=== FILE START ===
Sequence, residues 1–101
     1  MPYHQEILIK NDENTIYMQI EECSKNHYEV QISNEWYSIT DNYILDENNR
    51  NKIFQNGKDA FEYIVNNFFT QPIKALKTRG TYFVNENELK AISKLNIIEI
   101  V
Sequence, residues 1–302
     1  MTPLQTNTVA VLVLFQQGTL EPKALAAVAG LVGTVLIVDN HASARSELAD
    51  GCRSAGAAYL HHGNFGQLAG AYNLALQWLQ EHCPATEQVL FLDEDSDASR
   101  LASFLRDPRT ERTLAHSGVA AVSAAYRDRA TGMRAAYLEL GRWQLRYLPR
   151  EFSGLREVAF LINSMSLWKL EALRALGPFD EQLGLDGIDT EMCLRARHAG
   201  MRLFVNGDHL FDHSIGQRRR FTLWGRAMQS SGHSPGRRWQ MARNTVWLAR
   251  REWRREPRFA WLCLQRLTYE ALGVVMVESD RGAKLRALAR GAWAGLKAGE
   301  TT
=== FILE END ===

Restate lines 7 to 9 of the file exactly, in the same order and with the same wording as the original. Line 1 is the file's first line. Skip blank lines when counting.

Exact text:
    51  GCRSAGAAYL HHGNFGQLAG AYNLALQWLQ EHCPATEQVL FLDEDSDASR
   101  LASFLRDPRT ERTLAHSGVA AVSAAYRDRA TGMRAAYLEL GRWQLRYLPR
   151  EFSGLREVAF LINSMSLWKL EALRALGPFD EQLGLDGIDT EMCLRARHAG